Astronaut on Earth's Moon with Earth in the background

How to Prepare for an Intergalactic Journey

Words: Megan Michelson
Photo Above: Getty Images

The force is awakening again. Better prep for space travel.

“The coolest thing about going into space? No gravity. Astronauts always say they love to float around and act like Superman,” says Mike Paul Hughes. Hughes hasn’t actually traveled to outer space, but as an aerospace engineer for Lockheed Martin’s space exploration systems, he’s helped a lot of astronauts go interplanetary. Hughes specializes in entry, descent, and landing systems for major space explorations, like Orion and Deep Impact. So he knows a lot about what it takes to prepare for a journey into the great beyond.

1 HAVE A CLEAN BILL OF HEALTH

“You’ve got to be in tip-top physical shape before you go into space. For NASA astronauts, they’ve got to be free of chronic disease or bone problems. You have to be quarantined from illness. There’s no surgery and no sick bay in the International Space Station. Before you go, everything from your teeth to your toenails need to be checked out.”

Astronaut in Earth orbit with Earth as background

© Getty Images

2 PUT ON A SMILING FACE

“Astronauts tend to be very ambitious people. They’re always in demand. Their time is very limited. In order to go on a spaceship, you want to be likable. You need to be pleasant even when things get stressful or boring. You can’t be naturally grumpy.”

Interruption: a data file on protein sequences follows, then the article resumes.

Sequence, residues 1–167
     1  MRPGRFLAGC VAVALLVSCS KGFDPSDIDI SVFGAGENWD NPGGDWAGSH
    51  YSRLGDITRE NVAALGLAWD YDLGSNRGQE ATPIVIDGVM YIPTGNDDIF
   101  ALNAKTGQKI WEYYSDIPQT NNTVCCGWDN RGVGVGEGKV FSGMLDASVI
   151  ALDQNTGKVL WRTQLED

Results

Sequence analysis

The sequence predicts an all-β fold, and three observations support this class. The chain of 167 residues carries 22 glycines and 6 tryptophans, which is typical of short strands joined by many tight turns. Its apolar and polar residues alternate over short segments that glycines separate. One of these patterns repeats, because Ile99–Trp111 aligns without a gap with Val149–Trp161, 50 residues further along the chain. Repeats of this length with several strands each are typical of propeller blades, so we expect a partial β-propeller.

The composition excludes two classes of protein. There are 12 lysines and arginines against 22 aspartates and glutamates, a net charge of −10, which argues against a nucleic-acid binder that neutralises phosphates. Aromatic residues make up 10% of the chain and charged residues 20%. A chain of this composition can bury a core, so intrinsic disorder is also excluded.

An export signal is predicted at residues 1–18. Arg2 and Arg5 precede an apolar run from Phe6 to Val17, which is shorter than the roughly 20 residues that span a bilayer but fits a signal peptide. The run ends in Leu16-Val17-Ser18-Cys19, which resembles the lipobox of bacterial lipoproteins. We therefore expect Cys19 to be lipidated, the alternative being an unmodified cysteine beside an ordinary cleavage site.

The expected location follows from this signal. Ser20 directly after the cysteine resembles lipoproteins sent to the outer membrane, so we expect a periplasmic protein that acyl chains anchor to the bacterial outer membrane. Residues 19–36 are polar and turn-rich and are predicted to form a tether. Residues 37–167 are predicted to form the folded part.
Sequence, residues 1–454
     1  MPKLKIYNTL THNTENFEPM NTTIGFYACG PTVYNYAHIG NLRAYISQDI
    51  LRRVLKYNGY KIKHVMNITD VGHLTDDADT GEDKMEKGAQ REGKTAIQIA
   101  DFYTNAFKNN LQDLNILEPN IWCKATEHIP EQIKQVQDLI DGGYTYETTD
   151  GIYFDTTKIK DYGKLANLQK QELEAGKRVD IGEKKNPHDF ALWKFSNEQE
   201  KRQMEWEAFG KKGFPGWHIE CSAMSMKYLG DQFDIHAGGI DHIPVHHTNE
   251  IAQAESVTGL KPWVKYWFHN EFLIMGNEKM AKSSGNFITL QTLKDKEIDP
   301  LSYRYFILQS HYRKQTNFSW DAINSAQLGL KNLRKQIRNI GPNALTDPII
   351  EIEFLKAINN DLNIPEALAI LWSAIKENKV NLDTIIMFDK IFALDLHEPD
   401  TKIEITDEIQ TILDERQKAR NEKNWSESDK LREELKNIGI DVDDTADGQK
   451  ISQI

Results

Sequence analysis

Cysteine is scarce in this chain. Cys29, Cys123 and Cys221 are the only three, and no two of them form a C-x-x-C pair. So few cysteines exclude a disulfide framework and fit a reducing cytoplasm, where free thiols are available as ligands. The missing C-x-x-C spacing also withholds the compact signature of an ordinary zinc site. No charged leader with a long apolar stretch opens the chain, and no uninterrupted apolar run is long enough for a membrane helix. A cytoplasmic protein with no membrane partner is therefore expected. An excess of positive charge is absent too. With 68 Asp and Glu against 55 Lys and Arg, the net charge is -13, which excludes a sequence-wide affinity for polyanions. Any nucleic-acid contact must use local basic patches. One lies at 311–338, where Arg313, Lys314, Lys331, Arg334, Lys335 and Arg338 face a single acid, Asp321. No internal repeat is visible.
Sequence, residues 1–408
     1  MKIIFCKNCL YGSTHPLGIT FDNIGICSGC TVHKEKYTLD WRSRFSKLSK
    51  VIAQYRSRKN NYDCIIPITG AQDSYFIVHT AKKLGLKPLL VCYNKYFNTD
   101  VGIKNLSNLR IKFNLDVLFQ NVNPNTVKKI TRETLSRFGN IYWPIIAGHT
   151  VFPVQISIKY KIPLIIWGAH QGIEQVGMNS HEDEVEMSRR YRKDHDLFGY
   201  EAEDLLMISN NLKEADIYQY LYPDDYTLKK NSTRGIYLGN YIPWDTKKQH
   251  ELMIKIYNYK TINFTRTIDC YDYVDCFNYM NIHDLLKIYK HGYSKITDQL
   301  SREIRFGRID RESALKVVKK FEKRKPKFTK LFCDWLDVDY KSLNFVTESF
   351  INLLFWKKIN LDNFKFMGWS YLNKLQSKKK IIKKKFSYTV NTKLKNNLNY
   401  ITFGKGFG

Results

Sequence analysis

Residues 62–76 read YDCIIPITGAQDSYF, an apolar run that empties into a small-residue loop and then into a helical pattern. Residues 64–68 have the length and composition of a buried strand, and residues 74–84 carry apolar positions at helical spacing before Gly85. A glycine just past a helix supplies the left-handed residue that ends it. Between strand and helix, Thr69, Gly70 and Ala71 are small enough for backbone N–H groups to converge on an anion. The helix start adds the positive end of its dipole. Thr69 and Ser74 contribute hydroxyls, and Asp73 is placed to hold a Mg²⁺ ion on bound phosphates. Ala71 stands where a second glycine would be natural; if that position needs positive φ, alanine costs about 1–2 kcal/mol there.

3 PLAN YOUR MENU

“In space, you need all the same stuff you need to survive on earth, only more of it. And it’s all got to be packed way ahead of time. For meals, you’ll need dehydrated meals pre-packed to reduce weight. But you can eat things like spaghetti and meatballs in space. Almost anything you can have on earth, you can dehydrate, package and eat in space.”

2 astronauts asleep in space

© Getty Images

4. GET SOME SLEEP

“Astronauts often say that falling asleep in space can be very troubling at the beginning. You wake up with your arms out like you’re sleepwalking. But after a while, you’ll find a way to sleep. They have these little bunk areas that they float around in.”

5. TAP YOUR INNER MUSICIAN

“You’re almost always working when you’re in space. There’s no free time. But at the International Space Station, there’s an acoustic guitar and a keyboard. Sometimes the astronauts jam. If I were going to meet an alien, I’d bring them a guitar. Music is a universal language on earth—there’s no culture that doesn’t have music. So that seems like it would be a good gift to bring into space.”

6 PACK TINY PERSONAL ITEMS

“Each astronaut is allowed a small amount of space they can allocate to personal belongings, like family photos or music. Every ounce has to be important. For music, it used to be that you had to bring a cassette tape, but now you can bring as much music as you want digitally. Spacecraft life is a lot like submarine life. The volume of the space station is smaller than a one-bedroom apartment. But it has a pretty spectacular view.”

7 DON’T FORGET EMERGENCY TOOLS

“Phasers. Tricorders. We don’t actually have that stuff. So I’d maybe bring a flashlight. And a pair of pliers in case you’ve got to pull a tooth.”

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12 2015 RedBulletin.com

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